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I often used Poisson regression models to estimate prevalence ratios. However, in these cases my data contained information on the whole population, including events (1) and non events (0). Unfortunately, In this new scenario I would only have information on events extrapolated from my population (and covariates for those with the event as well). I was wondering whether it is still correct to employ a Poisson regression model in this case. My dataset looks like this:

+--------+-----+-----+-------------+----------+
| events | sex | age | denominator | district |
+--------+-----+-----+-------------+----------+
|      1 |   1 |  60 |        1000 |        1 |
|      1 |   2 |  58 |        1000 |        1 |
|      1 |   1 |  48 |         840 |        2 |
|      1 |   2 |  50 |         840 |        2 |
|      1 |   2 |  60 |         700 |        3 |
|      1 |   2 |  62 |         700 |        3 |
|      1 |   1 |  60 |         700 |        3 |
+--------+-----+-----+-------------+----------+

In this case my main variable of interest would be the district as I would be interested in modelling prevalence ratios between districts adjusting for proportion of females and mean age. My offset would be the district size (denominator).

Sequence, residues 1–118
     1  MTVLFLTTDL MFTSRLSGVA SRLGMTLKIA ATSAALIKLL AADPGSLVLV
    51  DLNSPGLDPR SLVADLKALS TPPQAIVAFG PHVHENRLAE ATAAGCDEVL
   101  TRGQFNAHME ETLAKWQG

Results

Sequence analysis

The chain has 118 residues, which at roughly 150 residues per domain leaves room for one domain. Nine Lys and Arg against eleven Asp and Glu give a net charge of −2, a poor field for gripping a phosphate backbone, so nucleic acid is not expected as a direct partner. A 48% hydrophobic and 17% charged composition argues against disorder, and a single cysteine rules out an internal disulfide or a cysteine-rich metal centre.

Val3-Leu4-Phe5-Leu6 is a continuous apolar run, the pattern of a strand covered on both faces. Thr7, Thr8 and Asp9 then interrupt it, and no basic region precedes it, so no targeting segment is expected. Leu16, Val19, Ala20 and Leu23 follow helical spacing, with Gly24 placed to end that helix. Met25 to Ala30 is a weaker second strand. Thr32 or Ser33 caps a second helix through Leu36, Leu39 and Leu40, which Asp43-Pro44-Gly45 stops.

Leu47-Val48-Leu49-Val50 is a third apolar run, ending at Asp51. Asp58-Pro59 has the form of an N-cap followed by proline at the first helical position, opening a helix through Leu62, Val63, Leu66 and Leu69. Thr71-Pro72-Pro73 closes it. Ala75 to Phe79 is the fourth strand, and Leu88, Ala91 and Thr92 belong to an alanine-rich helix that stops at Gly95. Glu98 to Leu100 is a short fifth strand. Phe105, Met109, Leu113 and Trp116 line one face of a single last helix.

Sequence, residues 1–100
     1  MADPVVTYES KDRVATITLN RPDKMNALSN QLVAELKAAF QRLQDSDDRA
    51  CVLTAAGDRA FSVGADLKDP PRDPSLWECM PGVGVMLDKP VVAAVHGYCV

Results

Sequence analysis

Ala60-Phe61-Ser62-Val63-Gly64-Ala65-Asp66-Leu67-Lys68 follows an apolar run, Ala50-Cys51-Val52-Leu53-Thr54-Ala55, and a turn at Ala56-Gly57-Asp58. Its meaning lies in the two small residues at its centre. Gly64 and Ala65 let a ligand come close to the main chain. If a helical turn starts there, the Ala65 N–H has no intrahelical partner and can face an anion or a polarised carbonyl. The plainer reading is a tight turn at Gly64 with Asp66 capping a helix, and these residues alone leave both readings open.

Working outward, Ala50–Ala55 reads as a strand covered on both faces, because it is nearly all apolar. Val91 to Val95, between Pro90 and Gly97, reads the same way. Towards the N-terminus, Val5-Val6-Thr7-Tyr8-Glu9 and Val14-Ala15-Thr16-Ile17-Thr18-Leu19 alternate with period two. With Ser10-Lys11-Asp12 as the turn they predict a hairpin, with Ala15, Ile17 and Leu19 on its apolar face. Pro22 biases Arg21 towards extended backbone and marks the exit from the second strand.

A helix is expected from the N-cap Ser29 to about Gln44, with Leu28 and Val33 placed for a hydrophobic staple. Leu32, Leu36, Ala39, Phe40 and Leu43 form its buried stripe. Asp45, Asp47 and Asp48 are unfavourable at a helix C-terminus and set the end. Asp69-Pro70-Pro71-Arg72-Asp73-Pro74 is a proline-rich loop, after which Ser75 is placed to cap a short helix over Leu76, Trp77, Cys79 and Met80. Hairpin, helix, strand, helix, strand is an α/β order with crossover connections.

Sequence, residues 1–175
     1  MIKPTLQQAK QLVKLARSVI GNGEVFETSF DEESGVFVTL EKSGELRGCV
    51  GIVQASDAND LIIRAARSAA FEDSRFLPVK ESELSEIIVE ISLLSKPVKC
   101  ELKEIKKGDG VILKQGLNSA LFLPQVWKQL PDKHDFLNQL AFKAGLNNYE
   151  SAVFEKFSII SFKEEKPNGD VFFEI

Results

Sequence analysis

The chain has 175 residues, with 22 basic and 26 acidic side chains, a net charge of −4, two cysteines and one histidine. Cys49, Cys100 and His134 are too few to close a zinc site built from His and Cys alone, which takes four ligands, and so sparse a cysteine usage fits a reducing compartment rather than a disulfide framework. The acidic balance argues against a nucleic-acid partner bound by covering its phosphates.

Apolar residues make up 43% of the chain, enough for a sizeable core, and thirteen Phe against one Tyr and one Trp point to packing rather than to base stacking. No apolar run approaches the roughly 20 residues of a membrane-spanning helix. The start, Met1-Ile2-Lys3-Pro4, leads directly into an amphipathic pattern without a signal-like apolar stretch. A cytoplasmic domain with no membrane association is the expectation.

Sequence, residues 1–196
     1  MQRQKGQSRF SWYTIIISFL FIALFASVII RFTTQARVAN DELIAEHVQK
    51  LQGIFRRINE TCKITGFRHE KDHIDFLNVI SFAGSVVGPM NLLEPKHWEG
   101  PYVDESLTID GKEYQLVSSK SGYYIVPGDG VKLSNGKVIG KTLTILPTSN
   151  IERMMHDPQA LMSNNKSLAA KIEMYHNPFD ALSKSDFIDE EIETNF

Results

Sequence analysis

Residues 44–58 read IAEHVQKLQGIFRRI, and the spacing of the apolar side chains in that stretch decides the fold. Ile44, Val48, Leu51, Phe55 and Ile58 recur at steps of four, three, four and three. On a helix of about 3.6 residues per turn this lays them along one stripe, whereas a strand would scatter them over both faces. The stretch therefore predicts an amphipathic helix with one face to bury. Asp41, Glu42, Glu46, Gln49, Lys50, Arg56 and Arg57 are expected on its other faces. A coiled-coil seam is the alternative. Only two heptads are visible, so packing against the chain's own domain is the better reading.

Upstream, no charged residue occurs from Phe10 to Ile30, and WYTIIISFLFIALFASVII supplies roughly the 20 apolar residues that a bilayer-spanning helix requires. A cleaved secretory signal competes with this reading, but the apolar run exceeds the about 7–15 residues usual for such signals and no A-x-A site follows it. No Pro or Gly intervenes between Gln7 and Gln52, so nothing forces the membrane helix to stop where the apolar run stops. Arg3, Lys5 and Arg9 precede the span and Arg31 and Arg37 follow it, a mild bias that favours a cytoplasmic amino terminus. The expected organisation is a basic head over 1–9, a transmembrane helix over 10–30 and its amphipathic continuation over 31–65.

I am worried because I have always used this approach when I had data on the whole population (those with and without the event), therefore, I was wondering whether this is the best approach in this case.

Alternatively, I might average everything at district level, calculate the rates and fit a linear regression model to assess the association between district and calculated rates. However, I would lose power doing that.

Is it correct to use Poisson in this case? Alternatively, is there any other clever way to do so? I suspect Bayesian estimation might be an option if I move away from frequentist approaches but I only have basic knowledge of that.

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